INDIANAPOLIS — Andrew Luck has always tried to deflect the spotlight.
As a highly recruited high school quarterback in Houston and as a Heisman finalist at Stanford, he was often the reluctant center of media attention. Even now, he tries to avoid the sideshows that come with being an elite quarterback.
He's selective about endorsement deals. He's been known to ride a bike to pick up takeout food just for the workout. He goes to Europe in the offseason so he can walk around without being recognized.
"He's so, so humble. He's always been that way," said Eliot Allen, Luck's coach at Stratford High School in Houston. "My basic job was, one, to stay out of the way and, two, to steer him clear of the media. I just think he was really uncomfortable because he was worried what his teammates would think about him talking to the media. He didn't want to be the guy up front."
Luck can't avoid being up front this week, with Sunday night's season opener against former Colts star Peyton Manning looming
In 2010, the Heisman Trophy runner-up was billed as the most polished college quarterback since Manning graduated in 1998, but he gave up the big bucks to return to Stanford.
He spent his final college season trying to get the Cardinal in the national title hunt, ignoring all the talk about him being the No. 1 pick. Indianapolis used the pick on Luck over 2011 Heisman Trophy winner Robert Griffin III. Because he was replacing Manning, he faced constant comparisons to the future Hall-of-Famer.
As rookies, Luck and Griffin both led their teams to the playoffs. Griffin bested Luck to earn the NFL's Offensive Rookie of the Year Award.
Last year, it looked like Luck would surpass Griffin — who struggled to return from a knee injury — and become the league's top young quarterback. Luck beat Manning's Broncos and eventual Super Bowl champion Seattle, won the AFC South title and orchestrated the second-biggest playoff comeback in NFL history. But the championship went to 2012 draft classmate Russell Wilson and the Seahawks.
Luck says he never worries about who is seen as the best quarterback. Instead, he focuses on self-improvement.
While many players dreamed of striking it rich in pro football, Luck spent part of his childhood in Europe developing an affinity for soccer and travel. He learned lessons watching his father — a former NFL quarterback who held jobs in the World League of American Football and NFL Europe — maneuver through reporters' questions.
"I think subconsciously, I really did learn a lot of stuff from my dad," Luck said. "I'd watch and pick things up. I was admonished by him once for doing an interview when I was in high school. ... He said 'You have to understand the weight of what you say. You can't take it back.'"
Luck didn't make that mistake again, even as he attempted to answer all those questions about the comparisons with Manning. Time after time, Luck had the same response: Anyone who attempted to match Manning's numbers would eventually go crazy.
Luck's father isn't surprised that his son doesn't quite fit the mold of the typical NFL star.
"He's always been a pretty curious kid," Oliver Luck said. "We didn't really know how long we were going to be in Europe when we went over there, so we tried to take advantage of the weekends to go to Paris or the Alps or whatever, so they got to see a lot. A lot of guys fly around the world in the offseason because they have the resources to do it. In his case, I think he really enjoys Europe."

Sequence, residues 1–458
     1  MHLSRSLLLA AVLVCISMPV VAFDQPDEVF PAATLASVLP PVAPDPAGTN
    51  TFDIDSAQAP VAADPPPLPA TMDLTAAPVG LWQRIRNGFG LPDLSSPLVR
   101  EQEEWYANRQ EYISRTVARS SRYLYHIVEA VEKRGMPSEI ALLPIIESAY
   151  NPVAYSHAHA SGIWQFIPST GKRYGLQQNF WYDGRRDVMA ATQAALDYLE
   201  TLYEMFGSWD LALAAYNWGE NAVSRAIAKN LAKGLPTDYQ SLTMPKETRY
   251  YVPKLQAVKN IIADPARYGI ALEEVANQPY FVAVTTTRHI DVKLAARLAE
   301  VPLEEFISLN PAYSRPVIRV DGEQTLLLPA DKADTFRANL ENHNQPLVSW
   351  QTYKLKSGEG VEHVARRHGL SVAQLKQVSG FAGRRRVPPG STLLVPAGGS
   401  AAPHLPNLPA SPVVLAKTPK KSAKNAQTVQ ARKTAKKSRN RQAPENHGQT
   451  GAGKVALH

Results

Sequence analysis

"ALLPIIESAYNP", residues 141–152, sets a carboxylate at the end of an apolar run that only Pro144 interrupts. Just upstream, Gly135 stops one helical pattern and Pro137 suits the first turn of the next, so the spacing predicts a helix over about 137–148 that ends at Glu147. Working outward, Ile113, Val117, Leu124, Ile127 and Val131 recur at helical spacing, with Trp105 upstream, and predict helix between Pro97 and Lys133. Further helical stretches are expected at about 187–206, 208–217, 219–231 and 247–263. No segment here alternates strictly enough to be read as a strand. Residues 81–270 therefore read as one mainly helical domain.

And his approach to stardom has been different. Instead of filming commercials for extra money during his rookie season, Luck immersed himself in film study and became a steadying influence on one of the youngest teams in the NFL.
Then, in Year 2, Luck cut down on his mistakes, and like Manning, won a division title.
But after throwing seven interceptions in two playoff games, Luck changed the offseason script.
"I think I handled the business side of things a little better, the endorsements and this and that and what it all entails," he said. "With time, you understand how to approach those things a little better."
That sounded awfully familiar to Colts quarterbacks coach Clyde Christensen.
"Peyton was great at those things. He studied it, and every year he'd see if he could improve that (time management) by 1 percent. ... I think Andrew will get there," Christensen said. "I think each year he (Luck) gets wiser, and each year, he gets more of an ability to say no. He's such a nice guy, it's hard to say no and sift through that stuff."
The Colts have gradually given Luck more leadership responsibilities.
Offensive coordinator Pep Hamilton has allowed his prized pupil to install part of the offense at each of the last two training camps, and this year, the Colts plan to use more no-huddle.
It's one of the few trends Luck's friends have seen him embrace.
"One thing that I love about him is that he hasn't changed," receiver Reggie Wayne said. "He came in loving the game of football, wanting to be the best, wanting to do everything he can to help the team win and he's still the same way. I really believe he's going to be that dude when it's all said and done. He's worthy of being the first pick of the draft. He's worthy of replacing an all-time great."
And the unconventional Luck has started to embrace the lifestyle.
"I do realize it's not normal to play a sport for a living, and I don't take that for granted," Luck said. "When a fan comes up to you (in a grocery store) and shakes your hand and tells you they like what you do, it's fun."